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THE NEWS:

Have plans to go to the grocery store this weekend? Well, you may live near a store with a little extra room outside for you to wait in line!

After initially dunking on the “Open Streets” idea, Mayor Muriel Bowser started closing off some traffic lanes to make room for pedestrians who need to stay six feet apart from one another to slow the spread of the coronavirus. But some are already disappointed because they expected to see entire streets sectioned off.

On April 20, the Department of Transportation announced it is temporarily expanding sidewalks near essential businesses like grocery stores, which have to limit the number of customers who enter. 

DDOT selected lanes in the following areas that should be completed by April 24: 

  • Safeway on Georgia Avenue NW in Petworth; 

  • Trader Joe’s on 25th Street NW in Foggy Bottom/West End; 

  • The service lane along Connecticut Avenue NW in Cleveland Park; 

  • Near Irving Street NW between Hiatt Place NW and 15th Street NW in Columbia Heights; 

  • and on H Street NE between 3rd Street NE and 4th Street NE in H Street Corridor. 

While the goal is to have sidewalk expansions in all eight wards, the first few are clearly concentrated in Northwest D.C., where more of the city’s wealthier neighborhoods are located. With grocery store deserts in Southeast D.C., crowds to get in the few that are there seem likely. There was already a long line yesterday to get groceries in Congress Heights, per a Post reporter.

DDOT is currently evaluating more sites for similar treatments. For residents who want areas in their neighborhoods to be considered, ask your Advisory Neighborhood Commissioners (ANC) and Business Improvement District (BID) representatives. 

To the mayor’s credit, Bowser also worked with the National Park Service and the United States Park Police to close Beach Drive in Rock Creek Park and roads in Anacostia Park and Fort Dupont Park to cars so residents can exercise. Beach Drive will be closed to traffic during the weekends, while the latter parks are closed to cars daily from 8:00 a.m. to 8:00 p.m. This will remain in effect until April 30. —Amanda Michelle Gomez  (tips? agomez@washingtoncitypaper.com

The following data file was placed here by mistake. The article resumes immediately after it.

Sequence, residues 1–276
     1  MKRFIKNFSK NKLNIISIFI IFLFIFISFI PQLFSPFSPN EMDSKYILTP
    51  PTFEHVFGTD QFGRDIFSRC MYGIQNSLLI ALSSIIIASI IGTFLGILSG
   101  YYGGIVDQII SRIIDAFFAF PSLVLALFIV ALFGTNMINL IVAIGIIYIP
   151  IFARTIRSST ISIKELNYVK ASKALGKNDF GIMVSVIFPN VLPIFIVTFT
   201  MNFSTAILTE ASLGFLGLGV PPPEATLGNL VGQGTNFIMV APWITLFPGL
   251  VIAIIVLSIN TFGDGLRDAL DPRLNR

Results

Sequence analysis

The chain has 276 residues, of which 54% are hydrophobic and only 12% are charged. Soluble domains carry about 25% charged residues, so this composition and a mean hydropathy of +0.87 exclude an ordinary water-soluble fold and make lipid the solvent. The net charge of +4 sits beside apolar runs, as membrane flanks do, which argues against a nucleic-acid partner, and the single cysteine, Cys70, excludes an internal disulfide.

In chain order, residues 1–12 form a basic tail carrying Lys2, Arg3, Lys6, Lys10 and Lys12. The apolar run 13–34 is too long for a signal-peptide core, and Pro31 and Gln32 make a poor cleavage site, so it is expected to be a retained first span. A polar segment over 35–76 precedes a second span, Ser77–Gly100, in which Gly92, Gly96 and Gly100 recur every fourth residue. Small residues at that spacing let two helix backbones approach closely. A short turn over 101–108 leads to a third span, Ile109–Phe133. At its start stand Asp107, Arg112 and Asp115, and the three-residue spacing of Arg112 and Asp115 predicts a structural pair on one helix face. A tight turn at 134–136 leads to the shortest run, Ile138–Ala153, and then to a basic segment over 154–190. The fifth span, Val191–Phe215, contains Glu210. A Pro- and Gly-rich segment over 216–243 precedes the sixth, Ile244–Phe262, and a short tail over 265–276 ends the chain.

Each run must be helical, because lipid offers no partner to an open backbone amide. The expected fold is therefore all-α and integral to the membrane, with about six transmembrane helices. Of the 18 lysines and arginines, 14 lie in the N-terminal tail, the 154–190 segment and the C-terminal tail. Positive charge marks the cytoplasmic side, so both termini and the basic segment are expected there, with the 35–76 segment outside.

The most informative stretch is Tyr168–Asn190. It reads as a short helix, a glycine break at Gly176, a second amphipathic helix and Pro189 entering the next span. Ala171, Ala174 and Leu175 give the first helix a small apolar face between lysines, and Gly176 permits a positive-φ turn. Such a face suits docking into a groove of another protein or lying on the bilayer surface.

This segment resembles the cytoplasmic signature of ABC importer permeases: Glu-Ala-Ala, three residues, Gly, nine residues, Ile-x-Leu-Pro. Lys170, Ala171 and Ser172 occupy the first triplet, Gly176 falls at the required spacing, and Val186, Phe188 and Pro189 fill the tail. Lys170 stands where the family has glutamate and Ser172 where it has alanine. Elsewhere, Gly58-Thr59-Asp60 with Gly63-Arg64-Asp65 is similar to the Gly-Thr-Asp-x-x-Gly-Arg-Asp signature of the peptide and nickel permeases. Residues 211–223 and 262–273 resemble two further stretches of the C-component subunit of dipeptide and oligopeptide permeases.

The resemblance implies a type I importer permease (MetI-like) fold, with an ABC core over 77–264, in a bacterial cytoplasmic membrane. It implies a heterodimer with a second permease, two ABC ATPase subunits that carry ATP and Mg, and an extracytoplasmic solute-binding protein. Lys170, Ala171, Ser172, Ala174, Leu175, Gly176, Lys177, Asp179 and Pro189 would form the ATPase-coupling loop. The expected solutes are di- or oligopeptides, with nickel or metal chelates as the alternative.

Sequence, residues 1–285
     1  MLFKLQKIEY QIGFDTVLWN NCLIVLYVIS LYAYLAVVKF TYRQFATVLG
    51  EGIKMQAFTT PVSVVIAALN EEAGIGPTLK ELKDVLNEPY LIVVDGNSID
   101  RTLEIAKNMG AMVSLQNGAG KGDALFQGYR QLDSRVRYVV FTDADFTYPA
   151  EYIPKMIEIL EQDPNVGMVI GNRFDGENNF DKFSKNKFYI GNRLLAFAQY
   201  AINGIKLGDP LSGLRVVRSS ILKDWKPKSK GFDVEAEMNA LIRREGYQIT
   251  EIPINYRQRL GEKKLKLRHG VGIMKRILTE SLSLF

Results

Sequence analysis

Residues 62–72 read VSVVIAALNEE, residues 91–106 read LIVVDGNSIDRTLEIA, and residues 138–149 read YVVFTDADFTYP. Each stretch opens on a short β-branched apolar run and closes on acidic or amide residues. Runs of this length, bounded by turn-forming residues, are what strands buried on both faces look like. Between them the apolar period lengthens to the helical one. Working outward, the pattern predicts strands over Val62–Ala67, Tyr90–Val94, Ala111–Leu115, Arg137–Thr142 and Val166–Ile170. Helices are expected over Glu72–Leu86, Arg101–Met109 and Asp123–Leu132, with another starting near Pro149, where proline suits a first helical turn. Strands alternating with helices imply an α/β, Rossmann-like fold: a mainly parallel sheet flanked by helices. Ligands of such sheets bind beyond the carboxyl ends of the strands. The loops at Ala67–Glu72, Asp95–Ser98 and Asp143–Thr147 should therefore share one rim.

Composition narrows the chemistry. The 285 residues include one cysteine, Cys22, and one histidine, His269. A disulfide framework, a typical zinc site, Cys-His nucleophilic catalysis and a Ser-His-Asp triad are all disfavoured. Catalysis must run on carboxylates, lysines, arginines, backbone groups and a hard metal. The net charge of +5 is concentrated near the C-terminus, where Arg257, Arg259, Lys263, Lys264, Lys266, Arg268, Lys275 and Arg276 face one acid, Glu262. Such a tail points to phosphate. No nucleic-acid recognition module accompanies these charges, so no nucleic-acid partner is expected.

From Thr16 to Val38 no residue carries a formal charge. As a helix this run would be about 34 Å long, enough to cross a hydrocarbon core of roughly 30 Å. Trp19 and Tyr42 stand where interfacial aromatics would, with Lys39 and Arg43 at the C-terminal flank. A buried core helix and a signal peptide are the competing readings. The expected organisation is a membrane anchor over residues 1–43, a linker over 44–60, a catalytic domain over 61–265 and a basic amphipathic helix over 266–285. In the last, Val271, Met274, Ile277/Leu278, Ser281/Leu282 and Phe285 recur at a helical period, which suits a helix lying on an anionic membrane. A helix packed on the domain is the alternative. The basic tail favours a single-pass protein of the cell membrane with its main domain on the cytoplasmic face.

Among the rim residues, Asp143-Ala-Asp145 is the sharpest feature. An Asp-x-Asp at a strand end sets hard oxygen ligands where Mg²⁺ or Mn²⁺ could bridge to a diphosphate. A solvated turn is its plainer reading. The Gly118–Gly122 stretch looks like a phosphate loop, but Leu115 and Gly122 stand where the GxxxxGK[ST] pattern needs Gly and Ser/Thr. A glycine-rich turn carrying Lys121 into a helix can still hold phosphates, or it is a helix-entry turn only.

CITY DESK LINKS, by Amanda Michelle Gomez:

  • Friday’s press conference on the financial forecast is at 2 p.m. [EOM]

  • D.C. reported 14 additional COVID-19 related deaths, bringing the total number of lives lost to 153. City officials also reported 167 new cases of COVID-19. 3,528 have tested positive for the illness while 16,533 have been tested overall. [EOM]

  • After President Trump promoted an unproven treatment for COVID-19, Council Chairman Phil Mendelson took to Twitter to shine him on. [Twitter]

  • Bowser sends her final version of the Comprehensive Plan, which envisions more density, to the Council with the hope of passing it before the end of the year. [BizJournal]

  • How do deaths in D.C. nursing homes compare nationwide? [KFF

  • ICYMI: A person experiencing homelessness who tested positive for COVID-19 left her hotel room because she believed she wasn’t receiving adequate care. The D.C. government is not arresting anyone for breaking quarantine. [WCP

LOOSE LIPS LINKS, by Mitch Ryals (tips? mryals@washingtoncitypaper.com

  • Ward 4 Councilmember Brandon Todd answered those ACLU questions after all (but he forgot two of them). [WCP]

  • Ward 1 Councilmember Brianne Nadeau is pregnant with her second kid. [Twitter]

  • Budget season during the pandemic. [WAMU]

  • Which “city councilman” attended a secret, and reckless, Georgetown dinner party? [DCist, CNN

  • AG Karl Racine and Mayor Bowser disagree over how to prosecute gun possession charges. [Post]

  • ICYMI: Can Ward 8 Councilmember Trayon White live stream his way to a second term? [WCP]

YOUNG & HUNGRY LINKS, by Laura Hayes (tips? lhayes@washingtoncitypaper.com

  • ANXO is selling kits that help you make your own cider at home. [Washingtonian]

  • Chef Massimo Fabbri’s lawyer says cocaine charges will be dropped. [Post]

  • GoFundMe fundraisers aren’t ideal. [Eater]

ARTS LINKS, by Kayla Randall (tips? krandall@washingtoncitypaper.com)

  • Ann Tyler’s 23rd novel, Redhead by the Side of the Road, is yet another gem. [WCP]

  • Local pianist Dan Roberts brings the sublime on November Suite. [WCP]

  • The Arts Club searches for love and identity in Miami with Chiron. [WCP]

  • Granny and the Boys “put on an impromptu stoop concert” in Mount Pleasant. [DCist]

SPORTS LINKS, by Kelyn Soong (tips? ksoong@washingtoncitypaper.com)

  • DeMatha alum Chase Young is coming back home to play for the Washington football team. “I most certainly do believe he’s the best player,” coach Ron Rivera said after drafting Young second overall in the NFL Draft. [WCP]

  • Rivera’s selection of Young, touted as a can’t-miss defensive prospect, has earned the team high marks. Washington is back on the board in round 3 with the 66th overall pick. [SB Nation, CBS Sports]

  • The Nationals’ full-time employees will be paid through May. [NBC Sports Washington]

  • Get ready for some more ’90s nostalgia when episodes 3 and 4 of The Last Dance air on Sunday. [The Athletic, ESPN]

CITY LIGHTS, by Emma Sarappo (Love this section? Get the full newsletter here. Tips? esarappo@washingtoncitypaper.com)

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